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Category Archives: Thoughts & Ideas

Class Reflection of The Usability Report Presentation

The final usability report is a huge project and we spent a lot of time and effort on this report. We made a specific plan for the test- define each task, design questionnaires, install instruments, recruit participants and so on. We did pilot study twice and modified our test procedure again and again. During the formal test, we observed users’ behaviors carefully, did some short interviews and recorded all the metrics. After that, we analyzed our data and then identified 13 usability problems. Three are very critical problems, five have medium severity and five are minor problems.  Because we have a lot of things to be included in the final report, it has more than 100 slides. Hopefully, Dr. V , this will not push you over the edge.lol

Our presentation went smoothly. I found all our presentation skills have been greatly improved. We know how to present our idea effectively. Use one slide for one idea. Pick the most critical things. Keep it simple and clear. Time is limited and we can not waste even one second for unnecessary information.

Moreover, I learned a lot of things from other groups.

  1. The first group did a perfect job and it is very interesting to ask users some website experience analysis questions. Do you feel belonging on this website and what makes you feel that? Do you feel inspired on the website and what makes you feel that? I’d like to think more about WEA in the future research.
  2. The presentation of the second group impressed me a lot because of their slides. Beautiful design and layout! A clear and effective interface! It was a user-centered presentation and made me comforting. A good looking slide that rocks! Pay more attention to the creation of each slide.
  3. There are many questions overlapped between the third group and our group. However, the results from the data are totally different.  We use different methodology, different subjects and different metrics. That’s why we got different answers. The demographic of participants is critical for a scientific research. We should recruited a criterion sample of participants who are mostly appropriate representatives of potential user.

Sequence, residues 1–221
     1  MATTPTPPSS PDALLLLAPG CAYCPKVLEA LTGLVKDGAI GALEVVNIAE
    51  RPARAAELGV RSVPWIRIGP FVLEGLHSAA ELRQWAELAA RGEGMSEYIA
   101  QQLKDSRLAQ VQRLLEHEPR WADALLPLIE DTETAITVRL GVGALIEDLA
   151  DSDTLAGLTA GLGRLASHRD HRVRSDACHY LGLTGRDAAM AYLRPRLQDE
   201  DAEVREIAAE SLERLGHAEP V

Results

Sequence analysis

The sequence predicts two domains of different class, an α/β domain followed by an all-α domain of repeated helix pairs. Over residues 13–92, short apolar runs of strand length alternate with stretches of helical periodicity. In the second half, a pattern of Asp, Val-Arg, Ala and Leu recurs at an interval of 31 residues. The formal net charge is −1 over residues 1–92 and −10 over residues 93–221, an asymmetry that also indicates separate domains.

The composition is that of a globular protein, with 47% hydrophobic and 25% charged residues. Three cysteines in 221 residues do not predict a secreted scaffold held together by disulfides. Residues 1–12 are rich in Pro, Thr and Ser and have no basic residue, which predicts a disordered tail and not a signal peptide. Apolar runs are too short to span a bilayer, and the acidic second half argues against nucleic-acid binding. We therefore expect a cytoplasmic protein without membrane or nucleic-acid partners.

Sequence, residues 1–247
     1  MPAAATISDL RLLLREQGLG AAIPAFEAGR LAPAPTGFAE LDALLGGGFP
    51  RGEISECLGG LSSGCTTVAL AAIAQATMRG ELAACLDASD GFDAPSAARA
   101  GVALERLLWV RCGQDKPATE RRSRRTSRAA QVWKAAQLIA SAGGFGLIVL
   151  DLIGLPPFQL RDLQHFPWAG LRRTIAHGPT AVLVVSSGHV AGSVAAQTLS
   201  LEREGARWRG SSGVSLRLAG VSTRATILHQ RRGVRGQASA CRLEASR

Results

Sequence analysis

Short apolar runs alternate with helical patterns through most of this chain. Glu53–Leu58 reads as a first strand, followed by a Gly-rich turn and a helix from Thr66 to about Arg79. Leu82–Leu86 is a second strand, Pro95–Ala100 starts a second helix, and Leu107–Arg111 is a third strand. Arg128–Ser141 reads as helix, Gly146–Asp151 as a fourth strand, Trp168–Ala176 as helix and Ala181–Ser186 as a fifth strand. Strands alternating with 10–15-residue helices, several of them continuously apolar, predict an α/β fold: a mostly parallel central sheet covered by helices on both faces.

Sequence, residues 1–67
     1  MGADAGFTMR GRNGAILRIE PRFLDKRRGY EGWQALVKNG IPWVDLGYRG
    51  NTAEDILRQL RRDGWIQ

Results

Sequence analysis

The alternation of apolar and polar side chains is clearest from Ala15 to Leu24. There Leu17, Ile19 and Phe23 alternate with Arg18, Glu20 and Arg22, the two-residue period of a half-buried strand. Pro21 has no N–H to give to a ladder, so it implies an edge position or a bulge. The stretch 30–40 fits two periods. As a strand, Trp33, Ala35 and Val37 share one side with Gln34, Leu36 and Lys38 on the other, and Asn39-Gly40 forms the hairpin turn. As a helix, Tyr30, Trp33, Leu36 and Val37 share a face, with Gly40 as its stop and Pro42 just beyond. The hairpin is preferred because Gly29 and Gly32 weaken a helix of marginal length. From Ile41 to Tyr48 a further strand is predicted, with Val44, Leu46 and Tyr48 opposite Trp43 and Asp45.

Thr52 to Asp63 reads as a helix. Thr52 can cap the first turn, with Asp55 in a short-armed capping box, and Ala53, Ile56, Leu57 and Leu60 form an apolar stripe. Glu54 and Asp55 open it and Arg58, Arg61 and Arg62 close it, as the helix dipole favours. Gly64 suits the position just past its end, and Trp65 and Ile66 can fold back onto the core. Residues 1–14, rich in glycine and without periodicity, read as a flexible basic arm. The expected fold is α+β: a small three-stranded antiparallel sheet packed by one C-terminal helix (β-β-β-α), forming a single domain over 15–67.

4. The fourth group recruited nine participants. Great job! Their findings are different from ours too. But we identified some common issues. For example, the PDF file of CGT MS handbook is too hard to read. The separate menus on the right and middle areas confuse users. A drop down menu will be more helpful. Using screenshots to present issues and recommendations is clear and effective. Love that so much!
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Posted by on December 7, 2012 in Thoughts & Ideas

 

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Reflection On Guerilla User Research

Last week we conducted a Guerilla UX research in our CGT512 class. The purpose of our interview is to examine the usability of CGT graduate studies website and provide recommendations for COT web team. Our primary user group is potential international graduate students. After brainstorming, we developed a list of questions and interviewed five current Purdue graduate students. There are some worthy questions to explore during the whole process.

1. How to structure our questions

The first thing that we should consider is what kind of question to choose, open-ended or closed-ended? In order to get a great deal of specific information, open ended questions should be given priority. While the interviewees are not influenced by the list of responses, they may be influenced by the order of questions. In my opinion, we should group questions in topics and then pose them in a logical order, from simple questions to difficult questions. Starting with some simple questions will motivate respondents to participate in the interview. Also, when determining the order of questions within each topic, I think we can imagine that we are navigating the website from top to bottom, from left to right meeting the users’ common habits. What kind of experience will we have? Do we have any problem? What do I like or dislike?

Meanwhile, we contain few closed-ended questions, where the respondent is asked to select answers from a brief list (e.g., “__20-25 ___ 25-30”). It is very useful for the demographic questions, especially asking about their ages. These demographic questions such as gender, income, education can be put at the end of the questionnaire. In doing so, it helps avoid alienating or worrying participants.